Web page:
Last week we hosted a 2020 Mid-Year Market Review with Blaine Rollins, CFA, author of our popular 361 Weekly Research Briefing. We had several interesting questions come in from attendees so we thought we would use this week’s blog to share Blaine’s responses.
If you would like to listen to the entire webcast, you can access the replay here.
Question: The market seemingly has not priced in the potential economic impact of the virus. Would you say the market has reacted to the stimulus package in the short term? And, is that why the market has not priced it in the way people think that it should have?
Blaine: If you look at these two charts, they will help explain what is going on with this big disconnect between the stock market going up and the economy still hurting. Everyone wants to know why is this happening? It seems like the stock market should be crashing because many people are still in pain, with 17 to 20 million sitting on the sidelines and not going to work every day. But this comes down to the Treasury and the Fed pouring liquidity and creating money. That leads to, as this chart shows, the money going up, then the economy up, followed by stocks up.
Source: Deutsche Bank Research
That is what is happening now and it is good because we are still hurting. Someday we will have to put the genie back in the bottle to help pay for a lot of this and that will be a more difficult scenario, but right now it’s good that we have the opportunity to keep things very liquid. We are cranking up the money and we are going to crank up the GDP.
The next chart shows how this is not just a U.S. phenomenon, this is happening around the globe. Even last week, Europe announced a $2 trillion dollar stimulus package for the EU, and it’s been occurring in Asian countries as well. Here again, you turn the money up and typically that is very good for stocks simply because there is a lot of liquidity and a lot of money that is going to be chasing assets.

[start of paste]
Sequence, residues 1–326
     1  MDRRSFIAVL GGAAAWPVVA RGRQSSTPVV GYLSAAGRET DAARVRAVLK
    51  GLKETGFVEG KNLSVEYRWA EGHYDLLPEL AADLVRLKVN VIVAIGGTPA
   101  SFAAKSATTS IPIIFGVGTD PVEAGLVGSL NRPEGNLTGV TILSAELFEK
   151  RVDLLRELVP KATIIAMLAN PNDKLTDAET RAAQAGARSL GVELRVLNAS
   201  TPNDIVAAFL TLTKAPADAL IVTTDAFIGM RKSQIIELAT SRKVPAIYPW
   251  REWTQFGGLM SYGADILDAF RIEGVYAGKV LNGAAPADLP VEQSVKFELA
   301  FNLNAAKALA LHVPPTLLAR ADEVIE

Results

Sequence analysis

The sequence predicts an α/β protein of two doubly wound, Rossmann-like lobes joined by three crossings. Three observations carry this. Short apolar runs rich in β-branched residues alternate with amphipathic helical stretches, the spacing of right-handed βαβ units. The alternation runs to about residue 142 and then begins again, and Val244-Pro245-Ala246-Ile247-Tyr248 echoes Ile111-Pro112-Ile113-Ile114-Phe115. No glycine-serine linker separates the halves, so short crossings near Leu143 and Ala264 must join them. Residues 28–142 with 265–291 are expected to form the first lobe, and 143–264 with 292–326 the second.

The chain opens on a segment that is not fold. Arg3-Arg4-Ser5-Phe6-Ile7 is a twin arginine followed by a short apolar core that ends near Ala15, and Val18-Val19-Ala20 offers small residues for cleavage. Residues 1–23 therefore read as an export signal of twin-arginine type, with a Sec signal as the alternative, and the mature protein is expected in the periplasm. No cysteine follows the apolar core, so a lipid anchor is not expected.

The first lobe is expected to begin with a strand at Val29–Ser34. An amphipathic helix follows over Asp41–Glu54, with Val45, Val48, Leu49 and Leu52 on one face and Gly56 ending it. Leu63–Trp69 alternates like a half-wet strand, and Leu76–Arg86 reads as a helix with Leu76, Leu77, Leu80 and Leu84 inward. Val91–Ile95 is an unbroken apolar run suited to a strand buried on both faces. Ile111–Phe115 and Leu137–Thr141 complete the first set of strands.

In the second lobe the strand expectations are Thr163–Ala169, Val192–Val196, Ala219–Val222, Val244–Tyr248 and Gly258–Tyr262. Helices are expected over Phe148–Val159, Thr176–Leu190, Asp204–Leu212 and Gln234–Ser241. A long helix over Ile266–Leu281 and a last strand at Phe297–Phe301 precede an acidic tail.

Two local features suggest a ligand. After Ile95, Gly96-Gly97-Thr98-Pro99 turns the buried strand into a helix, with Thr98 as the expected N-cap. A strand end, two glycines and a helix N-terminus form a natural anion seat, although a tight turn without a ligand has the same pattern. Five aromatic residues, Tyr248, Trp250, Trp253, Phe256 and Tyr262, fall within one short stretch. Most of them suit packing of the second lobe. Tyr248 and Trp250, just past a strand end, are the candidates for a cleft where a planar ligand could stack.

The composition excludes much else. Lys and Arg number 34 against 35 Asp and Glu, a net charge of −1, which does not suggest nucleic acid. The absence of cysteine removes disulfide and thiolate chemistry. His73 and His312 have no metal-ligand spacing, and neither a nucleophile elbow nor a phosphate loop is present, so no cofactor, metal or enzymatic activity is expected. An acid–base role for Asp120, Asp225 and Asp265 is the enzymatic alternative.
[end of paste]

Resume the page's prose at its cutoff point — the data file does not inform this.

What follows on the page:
Question: Beyond this year, how does this kind of soaring deficit impact markets down the road?
Blaine: When you keep just printing money, the money is worth less and less. So, at some point the dollar is going to be worth less. We are currently seeing the dollar breaking down. This is somewhat reflective of the fact that the U.S. is doing more to bail out the economy than other countries are doing. As the dollar goes down, that is inflationary. So, we are going to pay for it at some point in the form of inflation and higher interest rates. Unless someday we can somehow shrink the money supply and have the Fed remove some of that liquidity from the selling of all these bonds that they are buying in the market to keep the credit markets operating and stable and very healthy for us to operate on a day-to-day basis right now.
Source: WSJ / @TheDailyShot
Question: How similar or dissimilar is this period to the last tech wave (vis-à-vis valuations, sustainability, etc.)? Also, what are your thoughts around the top 15 stocks driving a huge portion of the returns right now?
Blaine: The difference between now and 1999-2000 is that the technology stocks have earnings now. Twenty years ago, we did not have earnings. Instead we had massive revenue growth and massive upside potential, but we did not have earnings. With that said, the FAANG earnings (the biggest five stocks) have doubled over six years but the stocks are up five-fold in six years.
So, a little bit different this time since these companies are generating significant earnings and cash flow but, they can still get significantly overvalued just like they did 20 years ago. It is just different. This time they are making money and they are also much larger. That is not to say I dislike these big technology companies. But on the margin, where are you going to hit your next home run? It is not going to be in one of these big technology stocks versus the world of stocks that are trading at a fraction of these multiples.
This chart below shows the top 10 stocks that are producing a large portion of the returns this year. They have thirty multiples versus the smallest market caps in the S&P 500 Index, which have one-third of those multiples by every measure. The companies at the top have gone up by so much in all measurements; the price-of-sale, price-of-cash-flow, price-of-book. This is starting to get into the silly category. At what point do the top 10 S&P 500 stocks start to buy the bottom 100 companies in the S&P 500?
Last week the big four market caps passed the entire capitalization of the Japanese stock market (see chart below). Japan is a big country, it has a lot of people so is it worth less than Apple, Microsoft, Amazon, and Google? It is interesting to observe.
Source: Bloomberg and @DavidInglesTV
If you want to hear more, we encourage you to view the full webcast for more insights from Blaine including a rapid fire Q&A section that starts around the 64 minute mark in the webcast.
Hear more in latest webcast, 2020 Mid-Year Review with Blaine Rollins, CFA >